AILIT can also lead to a more inclusive classroom practice. Due to the adaptive nature of the tool, all students can work on the same task, which gives a sense of inclusion to those students who have special needs, who might otherwise be taught apart from the rest of the class.

Benefits for the teachers

AILIT also holds several promising features for teachers. The teacher will always be the most important learning resource in the classroom, and is expected to read the students’ texts before evaluating whether they are ready to be shared with other students. However, AILIT gives the teachers access to AI-generated reports that will complement the teacher's own assessment of the students' texts.

The digital scaffolding material can also constitute a welcome break in busy classrooms. The digital scaffolding material allows students to self-teach, and may potentially give the teacher more time to focus his or her guidance on students' with special needs.

AILIT literature review

Read a description of the educational systems of the AILIT countries, the theoretical background for the project and learn about common ways of scaffolding students' writing in the participating countries.

Elever i tiårsalderen sitter på en rekke og skriver på hver sin pc. Gutt fremst.

The AILIT project is an Erasmus + cooperation partnership aiming to prototype an AI-powered platform scaffolding student’s writing and letting students read and edit each other’s texts across borders through machine translation. The project will develop both engaging scaffolding material (video and other media) and an engaging game design.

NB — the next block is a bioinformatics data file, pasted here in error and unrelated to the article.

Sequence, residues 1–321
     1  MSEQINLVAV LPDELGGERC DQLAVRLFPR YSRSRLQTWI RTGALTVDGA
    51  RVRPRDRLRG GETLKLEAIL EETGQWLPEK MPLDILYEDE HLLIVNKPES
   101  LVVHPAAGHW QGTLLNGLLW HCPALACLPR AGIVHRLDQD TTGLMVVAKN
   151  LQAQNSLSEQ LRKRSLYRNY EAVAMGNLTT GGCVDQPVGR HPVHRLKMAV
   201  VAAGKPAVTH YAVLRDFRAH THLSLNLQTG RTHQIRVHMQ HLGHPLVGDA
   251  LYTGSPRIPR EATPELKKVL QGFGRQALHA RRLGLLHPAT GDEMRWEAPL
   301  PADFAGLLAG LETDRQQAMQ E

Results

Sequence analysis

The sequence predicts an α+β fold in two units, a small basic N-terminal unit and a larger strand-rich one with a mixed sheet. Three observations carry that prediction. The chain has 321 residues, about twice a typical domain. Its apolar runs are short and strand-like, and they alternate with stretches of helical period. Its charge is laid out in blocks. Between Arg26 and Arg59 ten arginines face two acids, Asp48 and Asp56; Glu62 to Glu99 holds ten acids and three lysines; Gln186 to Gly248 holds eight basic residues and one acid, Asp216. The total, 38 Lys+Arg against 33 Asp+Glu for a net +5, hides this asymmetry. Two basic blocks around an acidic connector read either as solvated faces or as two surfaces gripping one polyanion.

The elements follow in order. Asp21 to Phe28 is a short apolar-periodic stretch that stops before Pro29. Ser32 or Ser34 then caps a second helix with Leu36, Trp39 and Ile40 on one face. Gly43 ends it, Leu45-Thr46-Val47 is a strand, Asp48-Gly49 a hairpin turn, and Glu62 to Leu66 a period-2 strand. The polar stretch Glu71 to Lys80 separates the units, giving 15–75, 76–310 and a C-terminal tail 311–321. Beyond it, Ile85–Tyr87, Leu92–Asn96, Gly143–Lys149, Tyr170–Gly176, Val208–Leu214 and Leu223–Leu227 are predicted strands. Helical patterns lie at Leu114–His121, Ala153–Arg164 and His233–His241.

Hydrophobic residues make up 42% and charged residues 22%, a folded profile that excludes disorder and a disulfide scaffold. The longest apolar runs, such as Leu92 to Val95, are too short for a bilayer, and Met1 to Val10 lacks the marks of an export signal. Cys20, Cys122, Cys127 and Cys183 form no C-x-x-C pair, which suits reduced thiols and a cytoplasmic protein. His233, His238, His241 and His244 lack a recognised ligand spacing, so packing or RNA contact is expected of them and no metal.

The literature review has been prepared by the five university partners. It presents some background for the project.
• Part I describes the educational systems of the different countries where the platform will be piloted.
• Part II describes the theoretical background for the project.
• Part III presents some common ways of scaffolding students’ writing in the participating countries.

Read the literature review (pdf).

Participating in AILIT motivates children to write

Pupils and teachers at Fjelltun school in Norway are key players in the development of AILIT. It is motivating for the children's writing when they communicate with peers in other countries, the teachers say.

Jenter leser på datamaskin
Pupils collaborate across borders in AILIT. (Illustration photo: Getty)

In the research projects AILIT, Reading Centre researchers will develop a digital platform made to promote children's motivation for reading and writing. In order to succeed, the research team depend on input and help from both students and teachers.

AILIT is an international project, where researchers and schools in several countries collaborate. The pupils write texts which are translated and shared with children in the other countries. The children then read and collaborate on each other's texts.

AILIT researchers will also try out a recommendation system, similar to that found on Netflix or Spotify, in order for the children to receive texts which they may be particularly interested in. Perhaps a Spanish boy who plays soccer, will enjoy reading and further developing a text written about soccer by a Norwegian pupil?